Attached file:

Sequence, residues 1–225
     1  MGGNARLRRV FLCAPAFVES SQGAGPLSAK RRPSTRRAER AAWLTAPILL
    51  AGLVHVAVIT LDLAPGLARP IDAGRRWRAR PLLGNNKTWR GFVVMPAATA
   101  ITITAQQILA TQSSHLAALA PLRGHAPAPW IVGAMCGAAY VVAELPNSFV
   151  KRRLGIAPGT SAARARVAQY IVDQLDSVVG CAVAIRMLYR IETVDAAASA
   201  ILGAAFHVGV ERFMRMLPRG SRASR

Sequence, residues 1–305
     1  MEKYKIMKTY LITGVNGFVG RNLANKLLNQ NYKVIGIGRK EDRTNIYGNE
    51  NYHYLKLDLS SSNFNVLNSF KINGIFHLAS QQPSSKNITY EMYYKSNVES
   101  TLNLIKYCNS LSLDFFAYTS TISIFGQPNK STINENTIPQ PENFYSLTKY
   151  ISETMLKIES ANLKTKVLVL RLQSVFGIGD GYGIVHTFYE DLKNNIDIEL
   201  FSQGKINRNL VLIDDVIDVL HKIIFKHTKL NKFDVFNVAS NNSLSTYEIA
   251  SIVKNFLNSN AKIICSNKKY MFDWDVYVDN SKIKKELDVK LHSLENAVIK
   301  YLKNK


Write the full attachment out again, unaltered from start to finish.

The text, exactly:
Sequence, residues 1–225
     1  MGGNARLRRV FLCAPAFVES SQGAGPLSAK RRPSTRRAER AAWLTAPILL
    51  AGLVHVAVIT LDLAPGLARP IDAGRRWRAR PLLGNNKTWR GFVVMPAATA
   101  ITITAQQILA TQSSHLAALA PLRGHAPAPW IVGAMCGAAY VVAELPNSFV
   151  KRRLGIAPGT SAARARVAQY IVDQLDSVVG CAVAIRMLYR IETVDAAASA
   201  ILGAAFHVGV ERFMRMLPRG SRASR

Sequence, residues 1–305
     1  MEKYKIMKTY LITGVNGFVG RNLANKLLNQ NYKVIGIGRK EDRTNIYGNE
    51  NYHYLKLDLS SSNFNVLNSF KINGIFHLAS QQPSSKNITY EMYYKSNVES
   101  TLNLIKYCNS LSLDFFAYTS TISIFGQPNK STINENTIPQ PENFYSLTKY
   151  ISETMLKIES ANLKTKVLVL RLQSVFGIGD GYGIVHTFYE DLKNNIDIEL
   201  FSQGKINRNL VLIDDVIDVL HKIIFKHTKL NKFDVFNVAS NNSLSTYEIA
   251  SIVKNFLNSN AKIICSNKKY MFDWDVYVDN SKIKKELDVK LHSLENAVIK
   301  YLKNK